National institute of Accounting Technicians



Conflict of Loyalties

Members not in public practice owe a duty of loyalty to their employer as well as to their profession and there may be times when the two are in conflict. An employee’s normal priority should be to support his or her organization’s legitimate and ethical objectives and the rules and procedures drawn up in support of them. However, an employee cannot legitimately be required to:

  1. break the law;
  2. breach the rules and standards of their profession;
  3. lie to or mislead (including misleading by keeping silent) those acting as auditors to the employer, or
  4. put their name to or otherwise be associated with a statement which materially misrepresents the facts.

Support for Professional Colleagues

A member, particularly one having authority over others, should give due weight for the need for their professional colleagues to develop and hold their own judgement in accounting matters and should deal with differences of opinion in a professional way.

Professional Competence

18.1. A member not in public practice may be asked to undertake significant tasks for which he or she has not had sufficient specific training or experience. When asked to undertake such work the member should not mislead the employer as to the degree of expertise or experience he or she possesses.

18.2. Members not in public practice should not accept or perform work which they are not competent to undertake unless they obtain such advice and assistance as will enable them competently to carry out the work.

18.3. In agreeing to carry out professional work, members imply that there is a level of competence necessary to perform those services and that their knowledge, skill and experience will be applied with reasonable care and diligence.

18.4. There is a continuing duty on members to maintain their professional knowledge and skill at a level required to ensure that an employer receives the advantage of competent professional services based on up-to-date developments in practice, legislation and techniques.

Presentation of Information

19.1. Members are expected to present financial information fully, honestly and professionally so that it will be understood in its context.

19.2. Financial and non-financial information should be maintained in a manner that describes clearly the true nature of business transactions, assets or liabilities and classifies and records entries in a timely and proper manner. Members should do everything that is within their power to ensure that this is the case.

19.3. Any report for which members are responsible, whether or not it bears their signature, should be prepared with integrity and objectivity. This means, for example, that while a report prepared by a member may properly present one side of the case and may present that case to its best advantage, the report should be accurate, truthful, and within its scope, both complete and balanced. It should not rely on ambiguities or half-truths but should be objectively justifiable and should not be based on unreasonable assumptions.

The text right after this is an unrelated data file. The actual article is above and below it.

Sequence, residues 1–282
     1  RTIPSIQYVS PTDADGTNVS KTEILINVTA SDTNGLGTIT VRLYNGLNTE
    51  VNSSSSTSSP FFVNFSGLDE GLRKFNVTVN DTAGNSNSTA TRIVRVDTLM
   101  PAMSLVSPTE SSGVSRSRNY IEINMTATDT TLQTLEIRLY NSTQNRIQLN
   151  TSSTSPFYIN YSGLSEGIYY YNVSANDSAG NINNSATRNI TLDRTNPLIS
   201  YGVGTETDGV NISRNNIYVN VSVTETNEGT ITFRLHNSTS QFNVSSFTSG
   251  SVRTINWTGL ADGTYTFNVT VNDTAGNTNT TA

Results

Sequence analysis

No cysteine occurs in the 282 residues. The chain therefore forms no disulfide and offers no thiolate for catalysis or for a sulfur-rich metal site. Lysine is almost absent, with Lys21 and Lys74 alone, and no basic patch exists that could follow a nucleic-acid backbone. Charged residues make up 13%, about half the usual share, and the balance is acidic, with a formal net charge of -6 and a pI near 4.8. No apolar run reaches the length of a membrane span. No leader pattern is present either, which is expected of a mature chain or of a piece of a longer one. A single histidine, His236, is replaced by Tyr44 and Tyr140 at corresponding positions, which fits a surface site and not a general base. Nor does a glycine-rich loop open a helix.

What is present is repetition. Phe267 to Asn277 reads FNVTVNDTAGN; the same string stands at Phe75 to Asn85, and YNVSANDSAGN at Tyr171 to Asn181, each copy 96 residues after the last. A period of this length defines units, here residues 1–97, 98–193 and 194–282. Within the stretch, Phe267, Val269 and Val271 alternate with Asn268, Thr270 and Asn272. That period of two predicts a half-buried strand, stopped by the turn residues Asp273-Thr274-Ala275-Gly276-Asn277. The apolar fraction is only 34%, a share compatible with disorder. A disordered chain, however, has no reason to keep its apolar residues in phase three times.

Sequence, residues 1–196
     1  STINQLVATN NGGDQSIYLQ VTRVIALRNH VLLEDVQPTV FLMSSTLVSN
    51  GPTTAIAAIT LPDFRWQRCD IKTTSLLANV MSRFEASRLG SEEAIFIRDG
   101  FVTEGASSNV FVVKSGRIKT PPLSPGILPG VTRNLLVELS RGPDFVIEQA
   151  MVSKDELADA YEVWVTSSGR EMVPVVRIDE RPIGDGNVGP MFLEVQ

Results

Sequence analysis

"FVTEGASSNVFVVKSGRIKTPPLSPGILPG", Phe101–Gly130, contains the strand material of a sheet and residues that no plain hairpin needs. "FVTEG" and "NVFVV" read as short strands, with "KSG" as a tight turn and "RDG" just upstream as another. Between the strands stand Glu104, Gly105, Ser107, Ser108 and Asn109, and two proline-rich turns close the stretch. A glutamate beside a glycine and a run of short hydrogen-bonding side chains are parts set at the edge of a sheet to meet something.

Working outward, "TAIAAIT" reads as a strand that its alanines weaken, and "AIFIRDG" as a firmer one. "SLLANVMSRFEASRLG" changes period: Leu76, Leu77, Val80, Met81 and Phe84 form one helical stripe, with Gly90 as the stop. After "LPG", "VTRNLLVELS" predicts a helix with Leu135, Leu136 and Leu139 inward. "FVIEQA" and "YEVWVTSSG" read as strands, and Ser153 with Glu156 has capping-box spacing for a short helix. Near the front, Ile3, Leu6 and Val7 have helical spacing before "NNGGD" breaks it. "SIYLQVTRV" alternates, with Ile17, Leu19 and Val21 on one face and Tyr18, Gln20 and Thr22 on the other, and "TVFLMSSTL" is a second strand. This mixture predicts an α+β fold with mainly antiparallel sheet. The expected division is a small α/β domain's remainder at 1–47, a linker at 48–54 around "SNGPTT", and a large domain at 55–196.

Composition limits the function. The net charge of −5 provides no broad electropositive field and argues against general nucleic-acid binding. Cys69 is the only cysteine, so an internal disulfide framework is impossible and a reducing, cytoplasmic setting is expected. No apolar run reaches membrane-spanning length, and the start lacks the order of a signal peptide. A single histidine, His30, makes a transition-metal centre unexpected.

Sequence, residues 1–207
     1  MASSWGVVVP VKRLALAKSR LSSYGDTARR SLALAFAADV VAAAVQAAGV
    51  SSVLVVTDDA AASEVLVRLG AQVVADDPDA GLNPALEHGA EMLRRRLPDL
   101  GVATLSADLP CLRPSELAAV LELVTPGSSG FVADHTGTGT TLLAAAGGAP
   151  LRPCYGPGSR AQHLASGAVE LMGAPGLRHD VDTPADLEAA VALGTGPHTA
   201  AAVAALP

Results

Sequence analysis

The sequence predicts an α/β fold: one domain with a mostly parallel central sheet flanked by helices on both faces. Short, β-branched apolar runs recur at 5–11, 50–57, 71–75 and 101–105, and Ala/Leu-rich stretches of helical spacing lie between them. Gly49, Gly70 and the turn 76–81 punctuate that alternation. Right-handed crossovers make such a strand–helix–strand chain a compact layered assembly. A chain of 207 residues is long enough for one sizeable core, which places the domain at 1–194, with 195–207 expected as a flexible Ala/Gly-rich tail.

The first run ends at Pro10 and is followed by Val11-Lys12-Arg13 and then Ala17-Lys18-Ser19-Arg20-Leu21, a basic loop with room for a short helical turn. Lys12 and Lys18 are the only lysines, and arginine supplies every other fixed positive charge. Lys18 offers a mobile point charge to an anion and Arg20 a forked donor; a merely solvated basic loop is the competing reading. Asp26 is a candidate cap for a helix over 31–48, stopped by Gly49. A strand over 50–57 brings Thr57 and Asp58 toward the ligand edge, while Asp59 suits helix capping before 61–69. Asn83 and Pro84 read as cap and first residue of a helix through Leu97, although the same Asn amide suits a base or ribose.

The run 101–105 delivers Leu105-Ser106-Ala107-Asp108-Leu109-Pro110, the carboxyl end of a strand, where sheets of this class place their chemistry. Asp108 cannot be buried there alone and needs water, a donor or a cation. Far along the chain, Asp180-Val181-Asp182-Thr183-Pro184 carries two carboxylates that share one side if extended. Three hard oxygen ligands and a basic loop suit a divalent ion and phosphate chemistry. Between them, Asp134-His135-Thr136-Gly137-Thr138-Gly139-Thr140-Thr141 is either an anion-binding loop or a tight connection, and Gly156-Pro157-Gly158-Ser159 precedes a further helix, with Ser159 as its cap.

19.4. When members have sole responsibility for the preparation and approval of information, including management information, which is to be made public or which is to become available on however restricted a basis outside the organization to which it refers, they should ensure that such information complies with applicable Statements of Standard Accounting Practice and if it does not so comply that the reasons for non-compliance are stated truthfully, unambiguously and fairly.

19.5. When it is not their sole responsibility, members should use their best endeavors to achieve compliance with the relevant standards or, where the information does not comply with applicable Statements of Standard Accounting Practice, to ensure that the reasons for non-compliance are stated truthfully, unambiguously and fairly.


20.1. Members not in public practice owe certain legal duties to their employers. Members have a duty of fidelity which requires them to be fully committed to furthering the legitimate interests of their employer. While this duty continues throughout the period of working for an organization it also applies when members wish to change employment.

20.2. The duty of fidelity clearly does not prevent an employee from using the skills acquired while working with a former employer in undertaking a new role with a different organization. On the other hand members should neither use nor appear to use special knowledge that could only have been acquired with access to confidential information. For example members should refrain from using knowledge gained about a former employer’s likely offer price in the bid for a contract.

20.3. Although some judgement is required as to the dividing line which separates experience gained from special knowledge acquired, the overriding principles that should be observed are integrity, and professionalism. In addition the actions of members with regards to the handling of special knowledge gained should not bring discredit to the Institute but should be consistent with the good reputation of the profession.